Buildings lost to Maui wildfires resurrected in mixed reality

Students are working on digital recreations of fire-affected buildings in Hawaii using similar 3D-based technologies used to preserve the Notre Dame Cathedral in Paris, France, and Shuri Castle in Naha, Japan.

In 2023, severe wildfires occurred on the Hawaiian island of Maui, causing the most damage to its historic town, Lahaina. The town was known as a National Historic Landmark with a 150-year-old banyan tree and architectural structures that date back to the 19th century.

After the fires took place, it was estimated that 2,200 buildings were damaged or destroyed, with little hope of restoring them.

William Chapman, Dean of the University of Hawaii at Manoa’s School of Architecture, and Hyoung-June Park, an associate professor of design and computation at the School of Architecture, have now found a way to resurrect the lost architecture, at least in the digital world, first reports Smithsonian magazine.

The two created a course where students could use various digital tools to recreate buildings in Lahaina that were destroyed by the fires. The goal behind Chapman and Park’s idea was to keep the architecture alive through these virtual recreations, with the possibility of using the models during actual reconstruction.

After Park collaborated with Kyung Hoon Hyun, a design computing specialist at Hanyang University in Seoul, South Korea, they created the course, “ARCH 490: Rebuilding Lahaina in Mixed Reality”.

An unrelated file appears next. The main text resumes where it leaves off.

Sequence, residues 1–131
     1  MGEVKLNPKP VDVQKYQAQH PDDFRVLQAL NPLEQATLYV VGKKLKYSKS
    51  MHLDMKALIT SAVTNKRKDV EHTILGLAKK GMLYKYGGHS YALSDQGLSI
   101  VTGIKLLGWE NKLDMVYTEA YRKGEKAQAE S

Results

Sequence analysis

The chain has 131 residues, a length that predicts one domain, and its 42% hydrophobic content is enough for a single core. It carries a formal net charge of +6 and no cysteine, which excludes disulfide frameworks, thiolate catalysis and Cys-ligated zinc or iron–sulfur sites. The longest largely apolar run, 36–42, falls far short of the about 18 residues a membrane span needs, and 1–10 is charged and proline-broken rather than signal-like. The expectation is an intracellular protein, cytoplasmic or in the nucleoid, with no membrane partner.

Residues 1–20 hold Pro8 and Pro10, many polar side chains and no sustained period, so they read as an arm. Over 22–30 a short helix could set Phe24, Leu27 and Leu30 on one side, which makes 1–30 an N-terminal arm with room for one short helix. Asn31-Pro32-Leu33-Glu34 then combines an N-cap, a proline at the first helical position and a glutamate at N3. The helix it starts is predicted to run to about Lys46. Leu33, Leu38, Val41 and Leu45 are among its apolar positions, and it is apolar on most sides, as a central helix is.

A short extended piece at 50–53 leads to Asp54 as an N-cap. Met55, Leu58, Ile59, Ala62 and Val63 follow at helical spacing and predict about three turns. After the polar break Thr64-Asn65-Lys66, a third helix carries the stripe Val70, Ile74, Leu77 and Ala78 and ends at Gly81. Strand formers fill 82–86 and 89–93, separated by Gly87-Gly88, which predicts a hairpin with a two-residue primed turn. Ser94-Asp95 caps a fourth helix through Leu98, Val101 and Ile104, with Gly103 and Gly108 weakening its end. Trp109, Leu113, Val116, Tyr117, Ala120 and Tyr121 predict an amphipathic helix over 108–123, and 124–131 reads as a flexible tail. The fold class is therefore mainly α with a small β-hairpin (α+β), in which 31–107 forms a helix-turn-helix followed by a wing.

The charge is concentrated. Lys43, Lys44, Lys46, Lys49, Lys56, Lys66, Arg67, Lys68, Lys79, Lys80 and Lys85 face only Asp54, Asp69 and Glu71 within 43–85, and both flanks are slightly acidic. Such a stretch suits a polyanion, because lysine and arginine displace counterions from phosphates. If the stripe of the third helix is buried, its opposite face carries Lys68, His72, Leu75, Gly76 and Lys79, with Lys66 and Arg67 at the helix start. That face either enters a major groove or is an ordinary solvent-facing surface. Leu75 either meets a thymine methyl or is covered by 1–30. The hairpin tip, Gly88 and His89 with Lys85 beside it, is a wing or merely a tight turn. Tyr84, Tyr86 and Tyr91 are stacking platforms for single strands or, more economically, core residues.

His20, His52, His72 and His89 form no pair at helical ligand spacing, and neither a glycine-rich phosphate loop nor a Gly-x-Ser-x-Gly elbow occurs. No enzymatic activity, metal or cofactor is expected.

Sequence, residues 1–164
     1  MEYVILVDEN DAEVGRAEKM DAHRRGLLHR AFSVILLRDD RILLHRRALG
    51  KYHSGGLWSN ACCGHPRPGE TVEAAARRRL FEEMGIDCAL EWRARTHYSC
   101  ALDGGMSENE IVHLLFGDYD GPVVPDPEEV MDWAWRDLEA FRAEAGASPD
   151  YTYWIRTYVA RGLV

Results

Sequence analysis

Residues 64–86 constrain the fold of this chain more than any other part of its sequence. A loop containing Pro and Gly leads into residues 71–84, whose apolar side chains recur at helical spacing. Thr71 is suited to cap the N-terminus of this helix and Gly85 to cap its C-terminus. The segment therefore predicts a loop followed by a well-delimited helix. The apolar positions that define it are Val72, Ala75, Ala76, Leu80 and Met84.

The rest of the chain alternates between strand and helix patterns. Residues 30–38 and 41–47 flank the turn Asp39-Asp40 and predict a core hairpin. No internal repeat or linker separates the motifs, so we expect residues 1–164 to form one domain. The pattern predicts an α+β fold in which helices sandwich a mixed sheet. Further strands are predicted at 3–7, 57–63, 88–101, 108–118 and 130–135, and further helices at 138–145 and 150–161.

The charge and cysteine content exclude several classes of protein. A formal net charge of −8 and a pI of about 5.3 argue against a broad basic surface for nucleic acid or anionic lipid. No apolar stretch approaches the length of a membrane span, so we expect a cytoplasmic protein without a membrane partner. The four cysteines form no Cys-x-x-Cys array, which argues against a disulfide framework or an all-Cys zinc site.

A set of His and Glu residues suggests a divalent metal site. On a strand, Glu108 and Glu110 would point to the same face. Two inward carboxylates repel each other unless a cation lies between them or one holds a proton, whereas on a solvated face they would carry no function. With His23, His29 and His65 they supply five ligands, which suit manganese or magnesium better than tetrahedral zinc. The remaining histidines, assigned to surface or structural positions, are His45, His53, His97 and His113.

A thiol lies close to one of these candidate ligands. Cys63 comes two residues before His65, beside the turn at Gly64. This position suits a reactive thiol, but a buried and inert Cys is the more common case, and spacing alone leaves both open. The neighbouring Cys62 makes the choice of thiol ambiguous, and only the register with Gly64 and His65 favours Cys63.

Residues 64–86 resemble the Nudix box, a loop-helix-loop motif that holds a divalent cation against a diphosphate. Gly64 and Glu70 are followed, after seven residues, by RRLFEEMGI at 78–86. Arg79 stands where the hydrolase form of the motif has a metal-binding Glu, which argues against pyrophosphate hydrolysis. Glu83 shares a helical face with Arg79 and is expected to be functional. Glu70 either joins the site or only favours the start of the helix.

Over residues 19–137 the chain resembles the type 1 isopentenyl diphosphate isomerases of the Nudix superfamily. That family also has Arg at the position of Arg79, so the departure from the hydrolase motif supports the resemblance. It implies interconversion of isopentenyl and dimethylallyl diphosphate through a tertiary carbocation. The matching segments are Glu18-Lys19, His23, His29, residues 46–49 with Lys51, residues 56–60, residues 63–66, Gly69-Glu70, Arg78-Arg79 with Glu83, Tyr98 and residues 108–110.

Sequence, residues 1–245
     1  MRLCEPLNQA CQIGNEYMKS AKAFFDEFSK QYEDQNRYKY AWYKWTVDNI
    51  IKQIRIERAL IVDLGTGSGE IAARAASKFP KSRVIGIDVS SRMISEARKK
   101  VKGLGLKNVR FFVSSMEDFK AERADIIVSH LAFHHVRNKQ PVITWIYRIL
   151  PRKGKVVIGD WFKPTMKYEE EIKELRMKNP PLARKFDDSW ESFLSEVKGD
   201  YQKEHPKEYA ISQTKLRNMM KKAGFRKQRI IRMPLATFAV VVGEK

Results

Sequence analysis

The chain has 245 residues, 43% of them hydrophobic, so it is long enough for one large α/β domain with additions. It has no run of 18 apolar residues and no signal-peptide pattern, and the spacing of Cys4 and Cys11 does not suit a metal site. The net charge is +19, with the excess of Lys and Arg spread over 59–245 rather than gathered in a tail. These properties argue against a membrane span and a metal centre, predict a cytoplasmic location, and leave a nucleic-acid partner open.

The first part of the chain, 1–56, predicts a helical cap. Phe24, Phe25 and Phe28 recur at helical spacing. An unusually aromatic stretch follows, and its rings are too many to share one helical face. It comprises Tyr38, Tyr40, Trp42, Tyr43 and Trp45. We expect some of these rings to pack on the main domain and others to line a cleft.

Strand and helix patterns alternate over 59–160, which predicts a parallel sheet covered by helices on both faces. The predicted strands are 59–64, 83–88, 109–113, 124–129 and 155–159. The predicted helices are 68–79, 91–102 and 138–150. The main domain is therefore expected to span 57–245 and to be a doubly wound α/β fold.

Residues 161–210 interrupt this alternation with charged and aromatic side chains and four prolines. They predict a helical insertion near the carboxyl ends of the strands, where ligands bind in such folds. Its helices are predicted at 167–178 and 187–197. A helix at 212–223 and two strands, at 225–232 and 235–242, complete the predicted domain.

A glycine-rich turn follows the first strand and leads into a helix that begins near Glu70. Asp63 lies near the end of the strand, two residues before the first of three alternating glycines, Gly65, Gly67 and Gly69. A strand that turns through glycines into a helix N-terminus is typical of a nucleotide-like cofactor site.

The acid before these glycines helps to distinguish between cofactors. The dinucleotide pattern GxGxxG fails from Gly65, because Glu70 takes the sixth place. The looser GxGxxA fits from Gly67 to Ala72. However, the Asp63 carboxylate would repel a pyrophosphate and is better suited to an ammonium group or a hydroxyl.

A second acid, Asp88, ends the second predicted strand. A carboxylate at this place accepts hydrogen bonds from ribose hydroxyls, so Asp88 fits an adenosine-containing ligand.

The course had 11 students divided into four groups, each responsible for one of Lahaina’s buildings: Baldwin Home, Master’s Reading Room, Old Lahaina Courthouse, and Wo Hing Society Hall.

Wo Hing Society Hall after fire
Image by Lahaina Restoration Foundation

Students first collected images and blueprints of the buildings and later used several AI-based and 3D modeling technologies. They had access to 3Dpresso – a technology that turns videos into 3D models, Rhino 3D software often used in architecture, industrial, and product design, and Lumion – a software that helps create photorealistic renderings.

The more extensive use of new technologies will help to preserve more architectural structures that, for various reasons, fail to stand the test of time, notes Park.